Originally a one-man shop, Arcen Games has grown to have half a dozen part-time or fulltime contributors to its various titles. The team is also proud to be a platinum sponsor of the Child’s Play charity. For all the latest news, coverage and other musings, visit us on our website, Twitter and Facebook; as well as Arcen founder Chris Park’s Games By Design blog.

Skyward Collapse Free 2.0 Upgrade Launches Alongside Nihon no Mura Expansion

We at Arcen are proud to announce the latest version of our title Skyward Collapse has now gone gold.  As is typical for our titles, the massive 2.0 update is free, while a paid expansion pack with huge buckets of content also launches at an affordable $2.99.

At PAX Prime we’ll primarily be showing off Bionic Dues in the Indie Megabooth, but we’ll also have Nihon no Mura (the new expansion) and Skyward Collapse 2.0 to check out if you want to swing by.

What’s New In 2.0
There was a big writeup on the largest set of changes, which were originally released as version beta 1.4.  Anyway, the highlights of what has changed from 1.0 onward are:

– Complete rebalance of pretty much all the units’ bonuses against one another.
– Monster Caves that appear in addition to Bandit Keeps.
– 9 new bandit-only mythological creatures.
– 11 new bandit-only human units.
– Ally Camps, with 3 units from each faction moving here.
– 2 new land types.
– Soul imprints resource, and new related abilities.
– Currency resource, and revamped trade model.
– Building upgrades.
– Revamped resource costs for human units to better control production.
– Garrisons.
– Functional revamp of not only trade, but also embassies and flower gardens.
– New Insane and Torment difficulty levels for expert players.
– Visual upgrades to the fonts, particle effects, and various tiles.
– Improvements to Sandbox Mode.

And a whole lot more!

Nihon no Mura Expansion
The Japanese enter the fray on Luminith: their faction has a very strong military and a very strange pantheon: their gods are much more aggressive than their Greek and Norse counterparts, and each has three god creatures rather than three god tokens.  Learning to play this new faction effectively is a fun new challenge: given how powerful the Japanese military and mythology are, you have to be very creative in how you help the Norse and Greeks drive back this threat.  Remember, no faction is supposed to dominate the other!

Hamlets are new non-combative, non-factional villages that can be built in the remains of the fallen towns.  But it’s never that easy!  Hamlet buildings can only be placed from a limited queue that cycles as you place them.  Hamlet buildings generate (or lose) Culture depending on what pre-existing tiles were adjacent at the time you placed them.  Culture allows you to activate four powerful new abilities, including creating Large Towns or even turning back time.  Amass enough Culture and Sunstone and you can even win the game via a new Cultural Victory!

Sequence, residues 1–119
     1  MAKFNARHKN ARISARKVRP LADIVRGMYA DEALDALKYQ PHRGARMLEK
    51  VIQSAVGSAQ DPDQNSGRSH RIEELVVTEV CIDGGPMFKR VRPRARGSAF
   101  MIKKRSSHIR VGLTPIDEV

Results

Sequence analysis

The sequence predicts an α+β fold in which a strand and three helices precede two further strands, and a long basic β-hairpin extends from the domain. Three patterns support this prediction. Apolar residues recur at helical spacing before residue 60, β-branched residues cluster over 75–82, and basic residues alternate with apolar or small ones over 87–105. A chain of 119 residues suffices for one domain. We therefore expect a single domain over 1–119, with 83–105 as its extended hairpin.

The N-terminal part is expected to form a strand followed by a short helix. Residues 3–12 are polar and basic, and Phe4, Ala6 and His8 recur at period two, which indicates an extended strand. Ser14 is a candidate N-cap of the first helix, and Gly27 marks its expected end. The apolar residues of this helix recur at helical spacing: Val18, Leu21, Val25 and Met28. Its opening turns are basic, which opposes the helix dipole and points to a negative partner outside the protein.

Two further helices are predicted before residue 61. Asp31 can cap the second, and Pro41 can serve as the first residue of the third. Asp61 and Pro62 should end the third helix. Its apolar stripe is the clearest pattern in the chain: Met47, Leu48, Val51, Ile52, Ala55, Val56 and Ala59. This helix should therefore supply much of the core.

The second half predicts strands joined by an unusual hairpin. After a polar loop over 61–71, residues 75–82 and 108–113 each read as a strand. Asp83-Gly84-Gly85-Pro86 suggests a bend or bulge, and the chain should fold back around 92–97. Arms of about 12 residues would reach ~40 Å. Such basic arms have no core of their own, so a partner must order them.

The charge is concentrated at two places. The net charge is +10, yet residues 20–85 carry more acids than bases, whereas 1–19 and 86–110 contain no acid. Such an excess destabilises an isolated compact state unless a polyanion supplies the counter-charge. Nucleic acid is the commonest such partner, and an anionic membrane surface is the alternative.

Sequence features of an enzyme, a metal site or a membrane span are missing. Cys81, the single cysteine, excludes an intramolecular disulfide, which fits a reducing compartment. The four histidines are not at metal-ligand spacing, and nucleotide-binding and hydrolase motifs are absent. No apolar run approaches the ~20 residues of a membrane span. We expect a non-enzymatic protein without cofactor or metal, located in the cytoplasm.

Features
* Japanese faction with a unique new playstyle both for balance and gods.
* Hamlets: construction of 11 non-factional building types that generate Culture via new adjacency rules.
* New alternate win condition!  Construct the Luminith Tower via Culture earned in your hamlets.
* Powerful new Culture abilities: Enlarge Radius of Town, Reverse Time, Stop Woe, and Super Smite.
* Hamlet Idyll game mode: play for score with hamlets without the military side of the game.
* For all factions: 3 new map types, 9 new woes, 2 new land tiles, and a useful new Military Outpost building.
* Ten new music tracks by Pablo Vega, including a new vocal track for win/loss music!


About Skyward Collapse

“I can never play Skyward Collapse again. I work from home. Frankly, having it – and the accompanying temptation – within arm’s reach would be detrimental to my productivity.”
Richard Mitchell, Joystiq

“Skyward Collapse offers a unique twist on a stagnant genre”
9/10 – Rob Savillo , GamesBeat

How do you balance — and indeed encourage — a war between factions without letting either side obliterate the other?  How do you rule over gods, creatures, and men who refuse to obey you?  How do you build a landscape of villages when bandits and mythology are conspiring to tear it down?  Skyward Collapse places you into the role of The Creator, and frees you to tackle these problems your own way.  Brought to you by the developer of the modern strategy classic AI War: Fleet Command, Arcen’s second full strategy title is equally unique (but far easier to learn): a turn-based 4x strategic god-game.

Your task is to build and populate the floating continent of Luminith.  You create — but cannot control — gods, creatures, and artifacts from both Greek and Norse mythology.  The power you wield with these is immense: Heimdall’s horn causes everyone outdoors to drop dead, for crying out loud.  Your task is to keep both factions alive and fighting until The Master calls you home — but this is harder than it sounds.  Bandit Keeps pop up periodically, as do Woes such as floods, serial killers, guild strikes, and vegetarian uprisings.  Every game plays out differently, and you’ll need even the craziest of your powers in order to survive what lies in store for you.

Features
* A turn-based strategic god-game where you control neither faction, but instead strive to maintain the balance of power.
* Make towns and war as the boardgame-like floating continent continues to construct itself around you.